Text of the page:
The reason that Raphael was born in New York is that her parents had been banished from the Land of Israel by the ruling Turkish administration. They returned to the Holy Land after the British conquest of Palestine, initially settling in Tel Aviv in 1919 and relocating to Jerusalem’s Romema neighborhood in 1920.
During the riots of 1929, they were among three families that did not abandon their homes, despite the dangers posed from the adjacent Arab village of Lifta. Raphael was married in 1936 and later completed a teachers course, after which, in 1942, she graduated from the Hebrew University with a degree in general history and the history of the Land of Israel. She was active on the home front in the War of Independence and was for many years a central figure in Hapoel Hamizrahi. Seeking to honor her father, she wrote under the pen name of Ge’ulah Bat-Yehudah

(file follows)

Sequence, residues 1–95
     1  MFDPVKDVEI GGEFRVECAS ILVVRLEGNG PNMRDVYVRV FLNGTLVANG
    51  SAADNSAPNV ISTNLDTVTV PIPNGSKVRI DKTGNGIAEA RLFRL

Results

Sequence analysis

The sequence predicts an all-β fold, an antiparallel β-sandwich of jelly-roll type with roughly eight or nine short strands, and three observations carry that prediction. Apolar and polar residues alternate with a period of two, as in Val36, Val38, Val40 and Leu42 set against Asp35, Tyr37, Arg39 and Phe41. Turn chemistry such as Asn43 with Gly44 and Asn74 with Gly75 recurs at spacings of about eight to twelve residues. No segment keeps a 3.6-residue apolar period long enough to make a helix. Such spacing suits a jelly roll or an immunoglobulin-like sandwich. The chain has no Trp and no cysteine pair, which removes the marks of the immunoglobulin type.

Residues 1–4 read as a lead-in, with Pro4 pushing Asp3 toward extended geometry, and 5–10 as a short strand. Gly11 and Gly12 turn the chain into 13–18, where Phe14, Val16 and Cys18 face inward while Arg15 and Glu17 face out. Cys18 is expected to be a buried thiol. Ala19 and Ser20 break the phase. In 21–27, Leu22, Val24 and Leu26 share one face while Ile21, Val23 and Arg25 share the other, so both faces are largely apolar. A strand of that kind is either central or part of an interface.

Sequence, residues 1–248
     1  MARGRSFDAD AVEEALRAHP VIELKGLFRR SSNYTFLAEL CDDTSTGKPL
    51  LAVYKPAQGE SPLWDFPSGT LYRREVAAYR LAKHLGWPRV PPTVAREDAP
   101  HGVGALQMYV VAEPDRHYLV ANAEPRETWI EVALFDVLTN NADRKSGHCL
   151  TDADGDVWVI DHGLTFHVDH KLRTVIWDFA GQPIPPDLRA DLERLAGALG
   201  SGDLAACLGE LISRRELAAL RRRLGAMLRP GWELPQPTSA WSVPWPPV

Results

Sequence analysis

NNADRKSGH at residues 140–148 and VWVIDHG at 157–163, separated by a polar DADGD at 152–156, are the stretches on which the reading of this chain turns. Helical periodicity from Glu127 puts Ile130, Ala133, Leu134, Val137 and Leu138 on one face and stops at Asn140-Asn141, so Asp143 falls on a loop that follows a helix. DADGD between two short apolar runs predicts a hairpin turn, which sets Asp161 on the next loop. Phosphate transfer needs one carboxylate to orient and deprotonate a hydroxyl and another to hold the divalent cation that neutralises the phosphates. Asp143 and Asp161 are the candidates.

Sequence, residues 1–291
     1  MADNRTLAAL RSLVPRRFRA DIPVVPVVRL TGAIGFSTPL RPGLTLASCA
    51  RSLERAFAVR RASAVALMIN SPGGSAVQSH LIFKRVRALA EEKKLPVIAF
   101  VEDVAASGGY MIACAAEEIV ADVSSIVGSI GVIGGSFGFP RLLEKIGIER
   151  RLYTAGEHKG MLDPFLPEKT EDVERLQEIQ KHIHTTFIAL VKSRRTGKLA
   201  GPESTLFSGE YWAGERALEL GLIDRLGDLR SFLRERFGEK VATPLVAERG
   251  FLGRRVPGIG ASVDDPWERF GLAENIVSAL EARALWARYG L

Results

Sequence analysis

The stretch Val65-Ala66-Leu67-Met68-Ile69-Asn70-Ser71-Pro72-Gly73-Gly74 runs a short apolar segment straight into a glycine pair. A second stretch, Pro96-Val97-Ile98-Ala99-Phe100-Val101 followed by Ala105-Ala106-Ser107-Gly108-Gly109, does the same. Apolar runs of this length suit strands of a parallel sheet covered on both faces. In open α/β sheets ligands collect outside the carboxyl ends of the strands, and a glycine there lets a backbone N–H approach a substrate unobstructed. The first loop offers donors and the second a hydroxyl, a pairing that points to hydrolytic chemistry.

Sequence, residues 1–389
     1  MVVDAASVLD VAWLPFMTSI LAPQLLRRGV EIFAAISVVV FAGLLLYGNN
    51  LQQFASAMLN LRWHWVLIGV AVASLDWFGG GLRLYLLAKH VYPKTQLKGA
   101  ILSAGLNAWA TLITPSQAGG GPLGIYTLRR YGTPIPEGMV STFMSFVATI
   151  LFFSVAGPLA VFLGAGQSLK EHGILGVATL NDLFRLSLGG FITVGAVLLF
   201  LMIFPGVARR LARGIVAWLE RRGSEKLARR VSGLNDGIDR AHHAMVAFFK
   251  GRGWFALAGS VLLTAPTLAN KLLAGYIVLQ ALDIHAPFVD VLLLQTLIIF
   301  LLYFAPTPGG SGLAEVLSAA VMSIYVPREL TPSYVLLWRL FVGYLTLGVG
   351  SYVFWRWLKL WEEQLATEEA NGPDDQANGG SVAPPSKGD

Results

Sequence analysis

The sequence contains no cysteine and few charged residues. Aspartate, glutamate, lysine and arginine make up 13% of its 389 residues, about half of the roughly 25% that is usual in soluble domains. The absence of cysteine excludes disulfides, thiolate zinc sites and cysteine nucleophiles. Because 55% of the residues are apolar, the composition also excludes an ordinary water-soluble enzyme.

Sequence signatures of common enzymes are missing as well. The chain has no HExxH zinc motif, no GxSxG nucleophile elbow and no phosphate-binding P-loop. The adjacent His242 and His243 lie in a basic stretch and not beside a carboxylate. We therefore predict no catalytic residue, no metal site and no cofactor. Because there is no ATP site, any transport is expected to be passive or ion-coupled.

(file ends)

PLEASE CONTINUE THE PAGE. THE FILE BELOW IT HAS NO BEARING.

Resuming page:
■ NEARLY ALL major hotels in Israel, as well as several of lesser ranking, have charitable causes which they support. The Tel Aviv Hilton has more than one such cause, and every Hanukka for the past 23 years, in conjunction with Variety Israel, has held a festive reception for children with special needs and their families.
The reception this year was held in the hotel’s main lobby in the presence of hundreds of guests. They witnessed the candle- lighting ceremony and were moved by a blind young singer, Eden Taharany, who thrilled studio guests and television viewers when she performed on television in the Israeli version of The X Factor. Ori Slonim, chairman of Variety Israel, and Ronnie Fortis, director of Hilton Israel, were equally moved by the amazing quality of her voice. Following Eden’s performance, hotel staff distributed doughnuts and beverages to all present.